James Lawson Sr. walked down a busy street in Kenya 38 years ago never dreaming he was about to encounter the love of his life.
Lawson, a young Marine from Stillwater, had just taken a long flight from Istanbul to the African country. He left the U.S. Embassy in Kenya, where he was stationed, to grab a bite to eat and look around when he saw two women walking toward him amid the hustle and bustle.
Lawson, now 56, said the women were beautiful, and one in particular caught his eye.
Several weeks later, he attended a New Year's Eve party at the embassy and met the woman, Nancy, who had captured his attention when he arrived.
The two have been inseparable ever since and celebrated their 37th wedding anniversary Dec. 29, 2010.
James Lawson, who is now a minister, said he has told his children and grandchildren over the years that meeting his future wife so far from home was a God-sent “shangaa” — which means “surprise” in Swahili.
“Little did I know He had my honey of 37 years there,” James Lawson said.
Nancy Lawson smiled at her husband.
“I thank God it's worked out,” she said.
Two worlds unite
The Lawsons' son, James “Jimmy” Lawson II, and Joan Hubbard, a member of their church, Trinity Word of Faith, collaborated to nominate couple for the “Inspiring Couples” initiative.
The couple's ability to successfully bring their two cultures together has been a source of inspiration for others, Jimmy Lawson wrote of his parents.
“Meshing these two cultures together has proved to be very easy for these lovebirds,” he said.
“Together, James and Nancy are Batman and Robin, salt and pepper and alpha and omega. Their motto is one person can influence millions, but when two people come together as one, a whole world can be changed.”
James Lawson said he and Nancy dated for eight months before he proposed marriage.
He said in that time, he learned much about her African culture from her large, close-knit family who lived on a nice ranch about 300 miles from Nairobi. He said his horizons were broadened by the African excursions he experienced and the internationally aware, intellectual discussions he participated in with Nancy and her family.
“She was my personal tour guide,” he said.
“It was serendipity for me — I was educated and enlightened.”
James proposed with a gorgeous diamond ring on Nancy's birthday. Nancy said her feelings of love for him were strong, but so were her feelings for her family and native land. She said she had never dreamed that one day she might leave her homeland and live elsewhere.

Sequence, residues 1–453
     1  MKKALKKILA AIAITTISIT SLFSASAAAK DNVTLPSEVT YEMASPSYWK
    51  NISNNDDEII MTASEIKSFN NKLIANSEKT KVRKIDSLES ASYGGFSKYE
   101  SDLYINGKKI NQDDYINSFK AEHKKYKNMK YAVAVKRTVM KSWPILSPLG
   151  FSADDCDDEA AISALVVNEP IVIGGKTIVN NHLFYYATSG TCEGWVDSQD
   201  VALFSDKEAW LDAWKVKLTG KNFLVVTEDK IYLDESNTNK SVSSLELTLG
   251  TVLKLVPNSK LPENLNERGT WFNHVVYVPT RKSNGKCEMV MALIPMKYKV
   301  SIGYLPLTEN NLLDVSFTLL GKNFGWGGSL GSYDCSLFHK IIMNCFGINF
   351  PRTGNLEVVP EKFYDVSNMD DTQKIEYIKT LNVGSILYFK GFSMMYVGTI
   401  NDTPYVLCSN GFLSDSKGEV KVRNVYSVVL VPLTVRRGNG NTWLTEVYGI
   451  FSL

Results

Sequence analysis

“It was a soul-searching decision for me because I had to leave the country, but love conquers all,” she said.
The couple were wed in December 1973, just a few short months after Nancy arrived in the United States. James Lawson said he had a scholarship to the prestigious Massachusetts Institute of Technology, also known as MIT. However, he said he decided to return to his native Stillwater and obtain his engineering degree from Oklahoma State University. James Lawson said he thought Stillwater would be better for his new bride because she would be surrounded by his family and friends, unlike at Cambridge, a place with which they both would be unfamiliar.
Besides their son, Jimmy, the Lawsons have a daughter, Charissa Lawson Harland.
James Lawson is a retired AT&T electrical engineer. These days, he is senior pastor of the nondenominational Trinity Word of Faith Ministries, 2800 W Hefner Road, and also serves as a teacher's assistant at Eisenhower Elementary School. Nancy worked as an administrative assistant at OSU for many years. She is now a sales consultant with Hartford Insurance, working primarily with the AARP.
Legacy of laughter and love
The Lawsons said they attribute their long-lasting marriage to their willingness to laugh together, plus their shared sense of adventure and love of traveling.
Nancy Lawson said she also thinks their ability to have intellectual discussions with each other has kept their marriage stimulated. James Lawson agreed and laughed, saying that his wife often likes to debate, and that's OK because they know how to agree to disagree.
“We have each other's back. We just complement each other,” he said.
Most importantly, the couple said their union is God-centered, and they have a strong friendship.
They said young couples need to know that it is critical to respect one another and create shared goals and dreams for their family. James Lawson said he also advises couples to remain flexible, be willing to compromise and learn how to agree to disagree.
“Somehow, they have got to be open enough to allow growth to take place,” Lawson said.
“We know it can be done, because we have done it.”
James and Nancy Lawson are featured in the â€œOklahoma's Most Inspiring Couplesâ€ calendar, sponsored by the Oklahoma Marriage Initiative. Couples featured in the calendar are being profiled in The Oklahoma''s Life section each month. For more about the Oklahoma Marriage Initiative's inspiring couples, go to www.foreverforreal.com.